Spring is coming early in 3/4 of national parks, according to a new study. Awesome? Not so much. As flowers bloom earlier every year, it’s disrupting the link between the wildflowers and the arrival of birds, bees, and butterflies that feed on and pollinate the flowers. In Shenandoah, an earlier spring is giving invasive plants a head start, and they’re displacing native wildflowers, leading to costly management issues.
Before the 1960s almost everything about living openly as a lesbian, gay, bisexual, or transgender (LGBT) person was illegal. New York City laws against homosexual activities were particularly harsh. The Stonewall Uprising on June 28, 1969 is a milestone in the quest for LGBT civil rights and provided momentum for a movement.
Vine Creek Ranch at Death Valley National Park. Steady drought and record summer heat make Death Valley a land of extremes. Towering peaks are frosted with winter snow. Rare rainstorms bring vast fields of wildflowers. Lush oases harbor tiny fish and refuge for wildlife and humans. Despite its morbid name, a great diversity of life survives in Death Valley.
Located 2,600 miles southwest of Hawaii, the National Park of American Samoa is the most remote unit of the National Park System and the U.S. National Park south of the Equator. The Park spreads across three islands, 9,500 acres of tropical rainforest, and 4,000 acres of ocean, including coral reefs. While remote, the islands of American Samoa, true to the meaning of the word Samoa (Islands of Sacred Earth), are welcoming and offer beautiful landscapes and centuries of culture and history.
Secretary Jewell Announces Award of First Oil and Gas Leases in Gulf of Mexico Subject to U.S.–Mexico Transboundary Hydrocarbons Agreement
Office of the Secretary
Last edited 4/26/2016
WASHINGTON, D.C. – As part of President Obama's all-of-the-above energy strategy to continue to expand safe and responsible domestic energy production, Secretary of the Interior Sally Jewell and Bureau of Ocean Energy Management (BOEM) Acting Director Walter Cruickshank today announced the award of the first three oil and gas leases in the Gulf of Mexico boundary area subject to the U.S.-Mexico Transboundary Hydrocarbons Agreement.
The Transboundary Agreement removes uncertainties regarding development of transboundary resources in the Gulf of Mexico. As a result of the agreement, nearly 1.5 million additional acres of the U.S. Outer Continental Shelf will now be made more accessible for exploration and production activities. Estimates by the Department of the Interior's BOEM indicate this area contains as much as 172 million barrels of oil and 304 billion cubic feet of natural gas.
“With the Agreement now in full force, we can make additional oil and gas along the resource-rich boundary between the United States and Mexico available and we have a clear process by which both governments can provide the necessary oversight to ensure exploration and development activities are conducted safely and responsibly,” said Secretary Jewell. “These leases represent a significant step forward in U.S.-Mexico cooperation in energy production and pave the way for future energy and environmental collaboration.”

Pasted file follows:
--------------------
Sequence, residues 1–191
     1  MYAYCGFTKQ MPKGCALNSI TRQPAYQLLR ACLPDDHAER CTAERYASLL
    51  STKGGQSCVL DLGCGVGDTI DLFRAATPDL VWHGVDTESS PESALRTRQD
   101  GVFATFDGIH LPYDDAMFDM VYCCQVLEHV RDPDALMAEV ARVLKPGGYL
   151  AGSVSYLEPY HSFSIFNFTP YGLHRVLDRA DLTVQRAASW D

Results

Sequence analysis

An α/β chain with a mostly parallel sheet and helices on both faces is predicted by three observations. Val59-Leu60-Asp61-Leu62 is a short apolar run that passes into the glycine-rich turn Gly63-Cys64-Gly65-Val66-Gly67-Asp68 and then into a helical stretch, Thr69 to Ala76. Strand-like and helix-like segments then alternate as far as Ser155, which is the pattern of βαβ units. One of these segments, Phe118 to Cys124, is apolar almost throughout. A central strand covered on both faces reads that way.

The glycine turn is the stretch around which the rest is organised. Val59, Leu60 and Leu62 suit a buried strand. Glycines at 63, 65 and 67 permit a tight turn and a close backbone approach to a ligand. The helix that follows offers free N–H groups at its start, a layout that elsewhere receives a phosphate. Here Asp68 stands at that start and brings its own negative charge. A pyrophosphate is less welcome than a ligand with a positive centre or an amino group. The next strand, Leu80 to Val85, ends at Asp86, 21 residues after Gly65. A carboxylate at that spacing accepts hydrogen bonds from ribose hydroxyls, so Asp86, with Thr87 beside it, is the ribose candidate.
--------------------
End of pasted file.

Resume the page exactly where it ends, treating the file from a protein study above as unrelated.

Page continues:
The three leases were awarded to Exxon Mobil Corporation, which submitted bids for the blocks located or partially located within three statute miles of the maritime and continental shelf boundary with Mexico (the U.S. - Mexico Transboundary Area) at Western Planning Area Sale 233, which was held in August, 2013. Congress approved the agreement in December 2013, and was signed into law by the President on December 26. BOEM opened the three sealed bids, totaling $21,333,850, during the Eastern and Central Planning Area Sales held on March 19, 2014.
The leases are located in the Alaminos Canyon Area, approximately 170 miles east of Port Isabel, Texas, and will be subject to the terms of the Agreement when it becomes effective on July 18, 2014.
The Agreement creates a new level of certainty for U.S. and Mexican firms operating in the Gulf border regions and makes additional areas accessible for exploration and production activities. The Transboundary Agreement sets clear guidelines for the development of oil and natural gas reservoirs that cross the maritime boundary. Under the Agreement, U.S. companies and Mexico's Petroleos Mexicanos (PEMEX) will be able to voluntarily enter into agreements to jointly develop those reservoirs. In the event that consensus cannot be reached, the Transboundary Agreement establishes the process through which U.S. companies and PEMEX can individually develop the resources on each side of the border while protecting each nation's interests and resources.
The Transboundary Agreement also provides for joint inspection teams from the Bureau of Safety and Environmental Enforcement and the Mexican Government to ensure compliance with applicable laws and regulations. Relevant agencies on both sides of the boundary will review all plans for the development of transboundary reservoirs, and additional requirements may be set before development activities are allowed to begin.
On July 17, blocks within the 1.4 nautical mile buffer area north of the Continental Shelf boundary in the Western Gap, previously deferred and containing approximately 158,584 acres, will become available for development. Beginning with Western Planning Area Sale 238 scheduled for August 2014, they may be available for leasing.